Honecker Song Over, Melody Lingers On
Jan. 19, 1993
BERLIN (AP) _ When Erich Honecker flew to Chile last week, people were told they were watching East Germany's deathly ill Communist boss heading off into the sunset.
Now, if you believe Germany's news media, the 80-year-old Honecker may not be so sick after all and the recently freed criminal defendant has been offered $1.2 million to write a tell-all book.
Hanns-Ekkehard Ploeger, the flamboyant lawyer who represents the family of someone shot to death at the Berlin Wall, blames the German doctors who examined Honecker.
''Because of something still inside the Germans, the doctors had certain respect for a former head of state,'' Ploeger told the n-tv television news channel on Monday.
Honecker was charged with ordering the killings of East Germans trying to flee the country. But his manslaughter trial was halted and he was released from prison because court-appointed doctors said his liver cancer would kill him in less than six months. Honecker flew to Santiago last Wednesday.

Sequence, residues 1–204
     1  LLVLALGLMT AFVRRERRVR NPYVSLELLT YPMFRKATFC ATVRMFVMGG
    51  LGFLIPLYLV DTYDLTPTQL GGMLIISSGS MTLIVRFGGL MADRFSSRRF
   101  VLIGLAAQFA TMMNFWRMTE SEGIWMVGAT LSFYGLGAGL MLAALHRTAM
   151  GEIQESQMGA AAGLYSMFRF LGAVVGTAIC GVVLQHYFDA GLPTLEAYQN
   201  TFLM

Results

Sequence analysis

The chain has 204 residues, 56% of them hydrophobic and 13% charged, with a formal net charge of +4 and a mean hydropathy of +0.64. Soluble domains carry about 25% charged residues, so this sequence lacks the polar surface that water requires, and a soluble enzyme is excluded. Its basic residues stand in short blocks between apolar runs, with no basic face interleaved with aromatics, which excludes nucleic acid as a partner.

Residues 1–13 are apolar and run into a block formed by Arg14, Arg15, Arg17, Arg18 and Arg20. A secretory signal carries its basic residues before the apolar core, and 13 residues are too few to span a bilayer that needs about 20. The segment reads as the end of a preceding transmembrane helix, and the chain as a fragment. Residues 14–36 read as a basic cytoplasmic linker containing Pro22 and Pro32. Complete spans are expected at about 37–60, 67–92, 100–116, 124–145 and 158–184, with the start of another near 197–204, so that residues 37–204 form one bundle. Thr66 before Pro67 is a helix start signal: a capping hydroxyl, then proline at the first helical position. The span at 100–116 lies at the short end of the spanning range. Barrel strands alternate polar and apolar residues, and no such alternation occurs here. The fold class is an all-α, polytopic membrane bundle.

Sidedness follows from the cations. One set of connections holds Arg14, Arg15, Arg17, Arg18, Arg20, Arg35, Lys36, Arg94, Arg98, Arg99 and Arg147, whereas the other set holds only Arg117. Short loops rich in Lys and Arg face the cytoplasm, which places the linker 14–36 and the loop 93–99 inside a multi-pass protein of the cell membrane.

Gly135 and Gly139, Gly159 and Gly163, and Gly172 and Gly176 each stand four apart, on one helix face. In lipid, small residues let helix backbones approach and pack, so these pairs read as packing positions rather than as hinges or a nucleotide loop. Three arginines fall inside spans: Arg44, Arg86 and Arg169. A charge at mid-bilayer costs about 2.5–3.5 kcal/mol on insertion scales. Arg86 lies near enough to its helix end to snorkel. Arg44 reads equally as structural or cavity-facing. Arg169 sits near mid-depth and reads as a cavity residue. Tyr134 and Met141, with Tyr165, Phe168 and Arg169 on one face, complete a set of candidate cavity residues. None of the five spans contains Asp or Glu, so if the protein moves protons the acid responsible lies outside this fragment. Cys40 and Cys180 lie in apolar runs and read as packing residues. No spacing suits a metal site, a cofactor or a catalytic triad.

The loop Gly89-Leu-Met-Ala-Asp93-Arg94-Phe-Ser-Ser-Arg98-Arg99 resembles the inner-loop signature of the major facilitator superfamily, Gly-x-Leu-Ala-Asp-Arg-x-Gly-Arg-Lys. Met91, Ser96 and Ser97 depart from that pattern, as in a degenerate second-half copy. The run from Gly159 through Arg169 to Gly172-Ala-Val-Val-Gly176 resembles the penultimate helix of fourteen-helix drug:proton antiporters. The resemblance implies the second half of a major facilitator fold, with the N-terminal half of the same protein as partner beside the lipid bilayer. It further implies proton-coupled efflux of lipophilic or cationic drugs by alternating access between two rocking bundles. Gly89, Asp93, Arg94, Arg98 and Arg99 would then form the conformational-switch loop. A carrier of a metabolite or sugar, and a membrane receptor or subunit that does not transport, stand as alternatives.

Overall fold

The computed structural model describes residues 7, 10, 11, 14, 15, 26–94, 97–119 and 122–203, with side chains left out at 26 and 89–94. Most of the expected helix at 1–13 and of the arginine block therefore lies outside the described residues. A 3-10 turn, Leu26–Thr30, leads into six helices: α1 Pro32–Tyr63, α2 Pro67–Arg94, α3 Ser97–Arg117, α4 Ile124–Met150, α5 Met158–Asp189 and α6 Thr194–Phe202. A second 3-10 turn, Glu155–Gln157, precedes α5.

''Honecker's illness isn't 'life-threatening,''' the conservative, establishment-oriented Frankurter Allgemeine newspaper said Monday in a front- page headline.
In fact, Chilean doctors have issued inconclusive, preliminary assessments of his case.
Dr. Sergio Vaisman, deputy director of the Las Condes Clinic, where Honecker was hospitalized for a day upon his arrival, said an operation might help him, although it would be ''complicated and risky.''
Vaisman and Dr. Renato Palmo, head of the 10-member medical team that examined Honecker, insisted it is impossible at this point to predict how long he may live.
The Bild newspaper, Germany's largest-circulation daily, said in a headline Monday: ''Honecker's getting 2 million marks.''
Bild said Honecker is considering offers for that amount from publishing houses and has already started writing his ''tell-all memoirs.''
Court spokesman Bruno Rautenberg says ''these reports from Chile don't make much of an impression on me.''
''If he had an operation, then you'd have to halt the trial against him anyway,'' Rautenberg said. ''Then comes the question of when he'd be well enough for the trial against him to be resumed.''
Adding even more confusion is the announcement that Honecker's case hasn't really been closed, contradicting official statements last week.
Chief Judge Hans Boss said legal technicalities required keeping the case open, but they were expected to be worked out.
Prosecutors in Berlin have no intention of seeking Honecker's return.